Monday, September 29, 2008

The economic freefall

If anyone thought that a few huge lending institutions failing last week was the worst thing that could have happened to the U.S economy, you may want to rethink things.


Just a few minutes ago, the vote in the U.S. House of Representatives for the proposed $700 billion economic bailout failed.

The direct effect of that failed vote, for the time being, is a rather sizeable plunge in the markets. Take, for instance, a 70 cent per bushel drop in the price of soybeans and a 30 cent per bushel drop in corn prices on the Chicago Board of Trade.

Now factor in a tumble of 600-plus points in the Dow Jones.

The only bright spot is oil falling below $100 per barrel.


The big question here is whether or not some sort of economic "bailout" will come to fruition. I think for a bailout plan to succeed, it needs to benefit the people, not the organizations. I am not here advocating for a huge handout leading to a spending spree or, gasp, even a spending orgy. A bailout of any shape needs some strict oversight, total transparency and actual public input with a serious review before even attempting a vote on any sort of borrowing from the future/China.

While we need to always be focusing on the future, the true attention needs to be paid to the present. Too many people rightfully worry incessantly about what tomorrow brings. We have to eat, we need shelter and we need transportation. The key to those necessities is having a secure job which not only provides a paycheck but those benefits which are essential (vacation, health insurance and at least some sort of retirement options - 401k).

I'll admit it, I am seriously worried about not just my job but the future of the company I work for. Sure, I keep my skills up to date and contribute often overlooked ideas that deserve at least some consideration but without the wheels of commerce turning, I'm fucked and I'm not alone.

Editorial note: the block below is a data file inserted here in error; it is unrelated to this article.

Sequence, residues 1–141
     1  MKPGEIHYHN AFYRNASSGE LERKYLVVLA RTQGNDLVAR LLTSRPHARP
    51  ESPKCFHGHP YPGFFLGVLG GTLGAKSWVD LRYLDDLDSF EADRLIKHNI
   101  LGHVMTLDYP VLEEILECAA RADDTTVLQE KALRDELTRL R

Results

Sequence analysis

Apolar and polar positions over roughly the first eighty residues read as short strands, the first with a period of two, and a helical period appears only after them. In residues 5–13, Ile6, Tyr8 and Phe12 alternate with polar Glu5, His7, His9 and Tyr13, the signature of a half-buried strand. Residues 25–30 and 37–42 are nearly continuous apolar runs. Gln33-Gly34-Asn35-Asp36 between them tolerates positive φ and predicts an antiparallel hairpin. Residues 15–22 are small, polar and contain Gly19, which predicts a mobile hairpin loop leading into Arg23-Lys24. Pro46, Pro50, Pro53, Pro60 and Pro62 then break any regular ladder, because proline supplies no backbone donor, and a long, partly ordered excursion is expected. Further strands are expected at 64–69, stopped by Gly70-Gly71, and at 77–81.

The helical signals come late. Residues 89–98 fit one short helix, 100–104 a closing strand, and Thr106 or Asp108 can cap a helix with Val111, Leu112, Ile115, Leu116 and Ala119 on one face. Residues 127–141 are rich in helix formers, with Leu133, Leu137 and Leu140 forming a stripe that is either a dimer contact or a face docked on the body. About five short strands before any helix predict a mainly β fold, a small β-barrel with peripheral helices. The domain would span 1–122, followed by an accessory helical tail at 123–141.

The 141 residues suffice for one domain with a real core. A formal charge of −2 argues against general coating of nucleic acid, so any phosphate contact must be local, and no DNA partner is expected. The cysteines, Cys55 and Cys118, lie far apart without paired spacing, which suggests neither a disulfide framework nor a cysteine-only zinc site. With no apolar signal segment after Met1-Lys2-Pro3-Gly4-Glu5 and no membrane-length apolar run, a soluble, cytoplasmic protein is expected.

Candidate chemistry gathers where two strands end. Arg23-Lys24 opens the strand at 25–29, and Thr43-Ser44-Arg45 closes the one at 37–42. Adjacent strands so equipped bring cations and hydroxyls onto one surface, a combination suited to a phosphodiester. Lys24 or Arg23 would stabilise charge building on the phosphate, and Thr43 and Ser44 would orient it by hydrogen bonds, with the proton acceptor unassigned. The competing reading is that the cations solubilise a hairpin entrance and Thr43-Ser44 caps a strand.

We need to welcome back production of hard goods within our nation's borders. We need to invest in the energy solutions of the future. Sadly, too, we need government-funded incentives to spur this energy innovation because companies and innovators are clinging to a thread.

A bailout of some shape needs to take place. I'm fairly certain that the proposed/failed bailout was anything but what America needed because the dwindling middle class is fed up with CEOs walking away with hundreds of millions of dollars for doing nothing more than tanking the very business whose success they were in charge of.

It's time to spur growth from the bottom up. How to do that is anyone's guess. Maybe it involves funding education. No, not in our public schools but in our higher learning institutions. Will the future bring prosperity? I think so. Is that prosperity around the corner? That answer depends on what takes place literally in the final months of the year. It's time to feel motivated. Are you motivated or are you worried?

5 comments:

Brian in Mpls said...

I am excited to see what happens especially when the market opens again in the morning after we see how international markets respond.

Leah said...

I thought I felt myself getting poorer today.

No said...

Why is it that the most common sense that I see is from bloggers? After that Sarah Palin interview with Katie Couric, I have no confidence in our leaders whatsoever....what the hell happened to common sense and really thinking about the issues? All I see now is posing for the camera, and that scares me a great deal.

MJ said...

Maybe it involves funding education. No, not in our public schools but in our higher learning institutions.

That's exactly what I was thinking. They said on the news this morning that the same money they want to use for the bail out would cover the cost of all outstanding student loans in the entire US. Crazy. Meanwhile, I have trouble getting help because I'm pursuing something past an undergraduate degree.

No incentive whatsoever for people to continue their education. Other countries are absolutely spanking us in education.

Pharm Tech Guy said...

I think it is really stupid that some of the republicans use the excuse that there was a speech that hurt there feelings so they decided not to vote on, or against the bail out bill. While I admit that I am not totally in favor of the bail out plan. I believe it is something that needs to be done. This is the time where we need our leaders to sack up so to speak. I mean seriously they vote to give themselves raises, but really what have they done? All I can see is bickering? And John McCain the change we need, really you've been there since the beginning of time what have you done? I am not sure I have faith in either canidate at this moment. I just believe we need change. I agree with Sornie that we need some sort of gross domestic product. We have a work force getting laid off left and right. We have a taxcode loophole that has been left alone since after ww2, that lets businesses move out of the country. We need change. I will get off my soap box now.